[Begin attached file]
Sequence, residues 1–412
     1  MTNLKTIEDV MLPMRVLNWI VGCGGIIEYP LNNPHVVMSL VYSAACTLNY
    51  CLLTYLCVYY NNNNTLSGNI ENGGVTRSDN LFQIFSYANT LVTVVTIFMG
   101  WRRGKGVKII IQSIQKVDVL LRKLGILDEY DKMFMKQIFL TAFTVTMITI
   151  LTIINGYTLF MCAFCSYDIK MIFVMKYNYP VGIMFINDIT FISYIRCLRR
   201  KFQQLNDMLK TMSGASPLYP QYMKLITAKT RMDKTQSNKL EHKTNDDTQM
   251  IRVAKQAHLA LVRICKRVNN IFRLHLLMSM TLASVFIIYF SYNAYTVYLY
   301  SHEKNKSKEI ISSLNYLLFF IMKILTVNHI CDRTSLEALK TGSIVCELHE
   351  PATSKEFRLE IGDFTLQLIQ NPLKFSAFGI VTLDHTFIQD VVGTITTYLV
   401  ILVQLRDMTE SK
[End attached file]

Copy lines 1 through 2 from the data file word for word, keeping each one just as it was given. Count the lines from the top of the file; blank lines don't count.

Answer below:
Sequence, residues 1–412
     1  MTNLKTIEDV MLPMRVLNWI VGCGGIIEYP LNNPHVVMSL VYSAACTLNY